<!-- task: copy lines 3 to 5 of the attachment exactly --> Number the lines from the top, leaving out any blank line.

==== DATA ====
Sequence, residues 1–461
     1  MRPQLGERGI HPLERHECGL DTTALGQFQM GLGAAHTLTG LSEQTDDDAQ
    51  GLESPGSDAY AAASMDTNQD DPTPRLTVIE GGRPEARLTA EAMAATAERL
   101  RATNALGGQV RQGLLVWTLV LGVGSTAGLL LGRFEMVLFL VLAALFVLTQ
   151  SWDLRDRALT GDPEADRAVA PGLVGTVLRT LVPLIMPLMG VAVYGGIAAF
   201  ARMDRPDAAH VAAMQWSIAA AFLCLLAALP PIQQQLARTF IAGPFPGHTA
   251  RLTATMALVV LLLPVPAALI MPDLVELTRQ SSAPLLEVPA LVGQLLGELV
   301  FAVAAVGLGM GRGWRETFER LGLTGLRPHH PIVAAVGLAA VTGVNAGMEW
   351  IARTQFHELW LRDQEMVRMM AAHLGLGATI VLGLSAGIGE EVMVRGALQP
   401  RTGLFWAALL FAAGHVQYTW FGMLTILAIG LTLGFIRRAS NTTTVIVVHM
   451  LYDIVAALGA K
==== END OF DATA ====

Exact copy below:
    51  GLESPGSDAY AAASMDTNQD DPTPRLTVIE GGRPEARLTA EAMAATAERL
   101  RATNALGGQV RQGLLVWTLV LGVGSTAGLL LGRFEMVLFL VLAALFVLTQ
   151  SWDLRDRALT GDPEADRAVA PGLVGTVLRT LVPLIMPLMG VAVYGGIAAF